“Shhhh…” shouted the instructor. “May I have ‘please’ have your attention!!” “I have been asked to take this session as your regular trainer is not available” “Lord, it so difficult to have them not talk to each other”, she might have said that to herself, definitely!
School kids? Kinder gardeners? College students? No! She was not handling any bunch of noisy kids. And definitely not newly joined graduates in an office. The lot was a lot sensible and mature than any of these types; a group of individuals, who voluntarily enrolled themselves for this course in an open university, and by interaction I can tell you that this act(of taking up this course) was out of sheer interest. One thing I could conclude was that, anyone, rather everyone sitting on classroom benches are bitten by the ‘talkative’ bug, regardless of the age, profession, or gender. You may be the strictest of all the teachers or the CEO of a big company, once you are on the receiving side of a lecture/presentation/seminar, the bug bite does take a toll on your behaviour, and a toll on the presenter of course. That was one part of my lessons of the day.
The first round is of course introduction, everywhere! As the session began, we have other fellows coming in. Yes you are right! Late comers. We have them everywhere don’t we? Movies, trains, busses, flights, schools, colleges, offices, meetings, gatherings, parties, exams, everywhere!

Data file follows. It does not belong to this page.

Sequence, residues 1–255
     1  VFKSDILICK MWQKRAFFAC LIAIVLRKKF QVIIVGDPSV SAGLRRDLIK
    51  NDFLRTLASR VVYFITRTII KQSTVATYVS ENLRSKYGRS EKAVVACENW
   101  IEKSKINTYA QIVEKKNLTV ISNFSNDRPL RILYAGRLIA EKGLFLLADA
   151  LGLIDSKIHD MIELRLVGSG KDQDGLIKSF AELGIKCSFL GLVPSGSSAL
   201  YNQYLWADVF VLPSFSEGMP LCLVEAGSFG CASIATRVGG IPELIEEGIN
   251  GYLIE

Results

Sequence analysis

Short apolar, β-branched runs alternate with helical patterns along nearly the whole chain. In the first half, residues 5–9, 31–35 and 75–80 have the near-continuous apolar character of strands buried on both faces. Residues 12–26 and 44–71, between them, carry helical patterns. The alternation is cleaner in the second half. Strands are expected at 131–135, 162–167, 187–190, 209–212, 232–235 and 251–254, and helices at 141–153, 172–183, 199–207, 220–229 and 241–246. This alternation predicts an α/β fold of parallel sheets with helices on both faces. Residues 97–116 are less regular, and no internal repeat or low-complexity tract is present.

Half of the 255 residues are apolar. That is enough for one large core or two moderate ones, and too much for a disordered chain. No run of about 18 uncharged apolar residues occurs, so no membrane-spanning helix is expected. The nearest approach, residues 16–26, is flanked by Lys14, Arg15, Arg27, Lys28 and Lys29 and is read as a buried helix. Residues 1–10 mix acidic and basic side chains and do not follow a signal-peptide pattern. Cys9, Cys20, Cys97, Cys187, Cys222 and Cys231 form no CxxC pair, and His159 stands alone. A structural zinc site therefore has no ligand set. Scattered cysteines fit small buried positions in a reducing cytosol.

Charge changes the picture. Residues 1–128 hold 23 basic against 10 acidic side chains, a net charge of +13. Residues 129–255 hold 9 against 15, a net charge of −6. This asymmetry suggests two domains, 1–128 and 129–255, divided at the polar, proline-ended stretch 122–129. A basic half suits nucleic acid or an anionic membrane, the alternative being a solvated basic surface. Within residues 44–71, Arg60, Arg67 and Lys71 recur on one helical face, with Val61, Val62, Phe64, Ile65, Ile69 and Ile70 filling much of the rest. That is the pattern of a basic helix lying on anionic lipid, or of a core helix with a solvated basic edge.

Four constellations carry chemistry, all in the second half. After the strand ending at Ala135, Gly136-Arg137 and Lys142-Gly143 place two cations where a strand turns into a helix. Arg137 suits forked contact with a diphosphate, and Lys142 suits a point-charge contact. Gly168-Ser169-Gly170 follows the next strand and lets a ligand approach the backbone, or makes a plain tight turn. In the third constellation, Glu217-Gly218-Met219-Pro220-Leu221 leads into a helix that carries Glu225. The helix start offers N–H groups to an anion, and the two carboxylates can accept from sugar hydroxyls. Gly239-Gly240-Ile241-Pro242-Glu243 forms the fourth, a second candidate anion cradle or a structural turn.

There was something that was very attention seeking, at least to me. The composition of the crowd. For an MA course in psychology, in Panjim, I was awestruck by the kind, rather the age of people pursuing this course. There were girls as young as 21 to men older than 50. One of the ladies was an English teacher in a school, about 45 years according to my estimate. She was on leave for some time, so hopped into this course, and was very tensed about the deadline to complete the assignment and the year end exam that would follow. Though given an option to submit it with the next batch after 6 months and take the exam in December, she said only one thing, “No, I want to take the exam in June itself.” And I could see the determination in her eyes. She was all set to take a couple of more degrees before she retires.
One thing was clear; it is not the age that matters. You can learn anything and everything, and at any age you want. It is the zeal in you that accounts. Next time if you see an old couple in your salsa classes, don’t drop your jaws. There is only one word for all of them, ‘Respect’.